Marta Szulkin*, Ben C. Sheldon Department of Zoology, Edward Grey Institute, University of Oxford, Oxford, United Kingdom
Background. Inbreeding depression occurs when the offspring produced as a result of matings between relatives show reduced fitness, and is generally understood as a consequence of the elevatedexpression of deleterious recessive alleles. How inbreeding depression varies across environments is of importance for the evolution of inbreeding avoidance behaviour, and for understanding extinction risks in small populations. However, inbreeding-by-environment (I6E) interactions have rarely been investigated in wild populations. Methodology/Principal Findings. We analysed 41 years of breedingevents from a wild great tit (Parus major) population and used 11 measures of the environment to categorise environments as relatively good or poor, testing whether these measures influenced inbreeding depression. Although inbreeding always, and environmental quality often, significantly affected reproductive success, there was little evidence for statistically significant I6E interactions at thelevel of individual analyses. However, point estimates of the effect of the environment on inbreeding depression were sometimes considerable, and we show that variation in the magnitude of the I6E interaction across environments is consistent with the expectation that this interaction is more marked across environmental axes with a closer link to overall fitness, with the environmental dependenceof inbreeding depression being elevated under such conditions. Hence, our analyses provide evidence for an environmental dependence of the inbreeding6environment interaction: effectively an I6E6E. Conclusions/Significance. Overall, our analyses suggest that I6E interactions may be substantial in wild populations, when measured across relevant environmental contrasts, although their detection forsingle traits may require very large samples, or high rates of inbreeding.
Citation: Szulkin M, Sheldon BC (2007) The Environmental Dependence of Inbreeding Depression in a Wild Bird Population. PLoS ONE 2(10): e1027. doi:10.1371/journal.pone.0001027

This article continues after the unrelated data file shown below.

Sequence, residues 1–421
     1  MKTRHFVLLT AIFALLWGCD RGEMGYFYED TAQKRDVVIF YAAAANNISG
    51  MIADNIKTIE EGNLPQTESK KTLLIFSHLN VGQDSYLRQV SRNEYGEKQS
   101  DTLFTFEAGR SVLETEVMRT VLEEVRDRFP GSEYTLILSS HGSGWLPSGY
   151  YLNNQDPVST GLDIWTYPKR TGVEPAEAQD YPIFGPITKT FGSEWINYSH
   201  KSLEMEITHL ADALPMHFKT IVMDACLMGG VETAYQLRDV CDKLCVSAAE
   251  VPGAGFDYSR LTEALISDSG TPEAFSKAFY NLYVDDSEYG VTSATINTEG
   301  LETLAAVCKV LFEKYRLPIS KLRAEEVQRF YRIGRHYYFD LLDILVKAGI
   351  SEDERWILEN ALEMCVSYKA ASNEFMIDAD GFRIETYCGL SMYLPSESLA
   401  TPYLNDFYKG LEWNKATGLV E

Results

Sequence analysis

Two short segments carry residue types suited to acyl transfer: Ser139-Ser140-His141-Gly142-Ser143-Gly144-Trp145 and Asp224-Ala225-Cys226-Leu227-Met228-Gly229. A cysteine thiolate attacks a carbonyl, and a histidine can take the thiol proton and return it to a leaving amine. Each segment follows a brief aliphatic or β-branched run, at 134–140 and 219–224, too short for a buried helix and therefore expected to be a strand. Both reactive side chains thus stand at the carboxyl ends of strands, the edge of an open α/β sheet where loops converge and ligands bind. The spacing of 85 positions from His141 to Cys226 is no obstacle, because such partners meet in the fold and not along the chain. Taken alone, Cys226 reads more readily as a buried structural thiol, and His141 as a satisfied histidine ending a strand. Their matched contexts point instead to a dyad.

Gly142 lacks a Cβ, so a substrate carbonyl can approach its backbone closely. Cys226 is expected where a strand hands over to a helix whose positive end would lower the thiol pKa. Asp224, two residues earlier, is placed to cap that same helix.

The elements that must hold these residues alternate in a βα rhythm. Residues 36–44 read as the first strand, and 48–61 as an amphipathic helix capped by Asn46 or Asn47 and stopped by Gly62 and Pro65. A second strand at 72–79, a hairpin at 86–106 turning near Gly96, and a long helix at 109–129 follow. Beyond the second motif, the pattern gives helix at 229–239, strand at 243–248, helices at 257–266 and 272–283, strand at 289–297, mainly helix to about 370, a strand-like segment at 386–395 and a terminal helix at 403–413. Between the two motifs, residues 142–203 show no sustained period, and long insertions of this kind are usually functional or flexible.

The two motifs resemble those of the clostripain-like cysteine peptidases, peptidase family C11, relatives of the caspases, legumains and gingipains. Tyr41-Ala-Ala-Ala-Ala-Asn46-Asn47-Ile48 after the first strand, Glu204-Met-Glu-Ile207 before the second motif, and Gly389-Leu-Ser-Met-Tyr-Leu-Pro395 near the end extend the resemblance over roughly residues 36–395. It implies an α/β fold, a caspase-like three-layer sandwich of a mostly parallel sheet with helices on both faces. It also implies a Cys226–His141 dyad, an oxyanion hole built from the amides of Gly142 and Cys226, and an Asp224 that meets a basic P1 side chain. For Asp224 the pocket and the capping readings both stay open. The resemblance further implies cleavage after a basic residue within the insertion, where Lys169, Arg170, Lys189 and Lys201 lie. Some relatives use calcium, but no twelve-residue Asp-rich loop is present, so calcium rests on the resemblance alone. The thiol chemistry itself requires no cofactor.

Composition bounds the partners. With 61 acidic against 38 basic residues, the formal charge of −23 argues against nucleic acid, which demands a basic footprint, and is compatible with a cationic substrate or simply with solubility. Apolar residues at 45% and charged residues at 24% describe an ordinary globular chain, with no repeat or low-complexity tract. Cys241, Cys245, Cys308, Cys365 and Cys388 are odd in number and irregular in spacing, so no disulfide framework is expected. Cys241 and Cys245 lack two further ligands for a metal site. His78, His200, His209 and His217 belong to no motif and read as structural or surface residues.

Inbreeding depression, caused by the expression of deleterious recessive alleles [1,2], reduces the fitness of homozygous individualsrelative to outbred members of the same population. It is assumed that inbreeding depression is mainly caused by dominance effects– i.e. the expression of recessive deleterious alleles, and not because of a specific advantage of heterozygotes (the overdominance hypothesis) [1,3]. Thus, the strength of inbreeding depression will depend on the genetic load carried by a population. As a consequence,inbreeding depression may not always be visible in inbred individuals, and even within populations it may be environmentally-dependent [4,5]. Interactions between the inbreeding coefficient and an environmental variable on a fitness-related trait (I6E interactions) indicate that, depending on the quality of the environment, inbreeding depression is variable in magnitude. In addition, however,environments differ in their relevance to overall fitness: some environmental factors may strongly influence fitness, whereas others may have only a weak influence on fitness. Evidence from comparisons of the magnitude of dominance variance across characters suggests that this component of genetic variance is larger for traits with a closer link to fitness, such as life-history characters . Giventhat inbreeding depression is more marked for such characters, we should expect that the effect of the environment on inbreeding depression will be greater across environmental axes that themselves explain a greater proportion of fitness variation. Evidence for I6E interactions is accumulating: although some studies have not found evidence for I6E interaction, a recent review by Armbruster and...